When Asthma Doesn't Look Like Asthma
A few weeks back, we shared some information about asthma here on the Lauren's Hope blog. As we usually do when we post about a specific condition, we asked our fabulous readers to write in and share their own stories with us. This time around, we heard from Jennifer McGlothlin (right), who explained that she wears Lauren's Hope medical ID bracelets because she lives with asthma that doesn't quite present the way most people expect.
Although asthma typically presents in childhood, Jennifer wasn't diagnosed with this chronic condition until she was a 19-year-old college student at MSU in Springfield, Missouri. As the cold weather set in, Jennifer began having extreme difficulty breathing. However, she did not present the most common asthma symptom: wheezing. This caused difficulties and delays with her diagnosis, but she did finally obtain an answer and began managing her asthma with inhaled steroids.
For years, Jennifer felt her asthma was well under control. Then, in 2009, she moved to Oklahoma, where the change in climate and environment, coupled with a new job during which she was exposed to cigarette smoke on a daily basis (a major trigger for her ashtma), resulted in a significant increase in the severity of her symptoms. Jennifer adds that she experienced a hormonal shift around this time which also contributed to her flare up.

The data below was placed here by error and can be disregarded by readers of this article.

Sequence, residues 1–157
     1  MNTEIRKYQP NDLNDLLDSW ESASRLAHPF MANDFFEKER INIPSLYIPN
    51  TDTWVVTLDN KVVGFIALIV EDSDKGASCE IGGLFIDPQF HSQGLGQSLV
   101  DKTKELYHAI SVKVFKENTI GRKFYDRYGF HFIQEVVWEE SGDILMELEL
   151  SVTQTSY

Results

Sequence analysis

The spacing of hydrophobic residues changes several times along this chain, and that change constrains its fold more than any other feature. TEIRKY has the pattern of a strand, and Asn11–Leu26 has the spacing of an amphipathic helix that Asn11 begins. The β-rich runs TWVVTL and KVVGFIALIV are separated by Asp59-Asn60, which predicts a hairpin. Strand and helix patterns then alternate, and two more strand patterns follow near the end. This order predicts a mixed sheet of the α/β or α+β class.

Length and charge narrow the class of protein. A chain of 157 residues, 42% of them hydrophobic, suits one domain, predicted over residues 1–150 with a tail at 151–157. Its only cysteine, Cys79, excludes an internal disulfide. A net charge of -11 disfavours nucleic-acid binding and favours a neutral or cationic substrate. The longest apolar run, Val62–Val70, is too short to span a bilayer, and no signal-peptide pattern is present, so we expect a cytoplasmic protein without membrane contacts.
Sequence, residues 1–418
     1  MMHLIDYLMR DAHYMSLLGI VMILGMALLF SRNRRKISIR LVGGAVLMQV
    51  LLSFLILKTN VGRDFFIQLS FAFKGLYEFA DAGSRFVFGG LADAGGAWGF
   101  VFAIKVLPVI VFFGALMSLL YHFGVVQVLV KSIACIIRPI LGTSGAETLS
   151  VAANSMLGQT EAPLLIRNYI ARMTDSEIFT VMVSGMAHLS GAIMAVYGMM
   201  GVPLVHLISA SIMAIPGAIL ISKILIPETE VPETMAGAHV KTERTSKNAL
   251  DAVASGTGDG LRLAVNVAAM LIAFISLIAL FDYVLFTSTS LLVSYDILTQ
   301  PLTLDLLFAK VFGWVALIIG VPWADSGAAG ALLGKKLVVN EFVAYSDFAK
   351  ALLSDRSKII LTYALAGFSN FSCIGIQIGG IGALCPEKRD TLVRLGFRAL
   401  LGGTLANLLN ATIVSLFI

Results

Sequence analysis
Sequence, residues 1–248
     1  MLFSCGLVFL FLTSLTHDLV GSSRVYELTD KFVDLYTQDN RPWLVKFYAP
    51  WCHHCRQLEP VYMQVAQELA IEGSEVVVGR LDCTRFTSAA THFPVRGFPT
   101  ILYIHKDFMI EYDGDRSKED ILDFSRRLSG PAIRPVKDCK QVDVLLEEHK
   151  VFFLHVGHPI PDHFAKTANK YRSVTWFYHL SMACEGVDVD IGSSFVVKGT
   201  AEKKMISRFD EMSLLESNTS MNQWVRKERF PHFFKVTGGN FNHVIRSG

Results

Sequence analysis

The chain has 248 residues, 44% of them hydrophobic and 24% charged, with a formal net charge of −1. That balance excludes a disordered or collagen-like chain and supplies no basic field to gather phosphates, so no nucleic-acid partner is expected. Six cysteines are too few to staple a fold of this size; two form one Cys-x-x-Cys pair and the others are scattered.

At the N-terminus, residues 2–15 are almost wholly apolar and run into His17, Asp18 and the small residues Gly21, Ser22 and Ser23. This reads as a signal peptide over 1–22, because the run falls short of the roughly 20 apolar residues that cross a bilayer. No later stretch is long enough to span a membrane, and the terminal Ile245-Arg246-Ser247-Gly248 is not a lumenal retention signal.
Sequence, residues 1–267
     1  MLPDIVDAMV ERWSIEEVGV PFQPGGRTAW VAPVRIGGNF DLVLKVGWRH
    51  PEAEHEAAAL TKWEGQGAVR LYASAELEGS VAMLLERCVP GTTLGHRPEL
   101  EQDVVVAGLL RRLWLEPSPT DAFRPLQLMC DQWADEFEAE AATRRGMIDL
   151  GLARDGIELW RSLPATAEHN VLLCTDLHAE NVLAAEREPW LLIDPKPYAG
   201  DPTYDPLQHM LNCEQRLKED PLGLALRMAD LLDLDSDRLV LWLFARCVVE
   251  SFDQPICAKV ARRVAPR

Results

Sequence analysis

The next year, in 2010, Jennifer was in a car accident. "The dust from the air bags triggered an attack," Jennifer recalls, "and I couldn't reach my inhaler. I was fortunate, as my mom was one of the first on the scene and was able to find my inhaler. This could have gone very badly."
A Little Scolding Goes A Long Way...
An EMT friend, hearing about this accident, gave Jennifer an earful for not wearing a medical alert bracelet, and Jennifer realized he was right. She recalls her early assumptions that all medical alert jewelry was ugly and uncomfortable. "I began hunting for a medical ID that I could live with. I found Lauren's Hope online and have worn one every day since."
Jennifer also explained that people with asthma don't just need medical alert jewelry because they might not be able to communicate; they need it because asthma doesn't always look the way people expect. "Asthma requires a bracelet as there are numerous types of asthma, and most people (doctors included) believe that you must have audible wheezing instead of considering diminshed breath sounds as well. If you are unable to comnunicate your needs (as I was), a bracelet could make the difference in triage."
Now an outspoken advocate of medical ID jewelry, Jennifer, her father, and her husband all wear medical alert bracelets, and she is confident that these pro-active steps will help protect her and her loved ones for years to come.
Do you protect yourself and those you love with Lauren's Hope medical ID jewelry? We want to hear from you!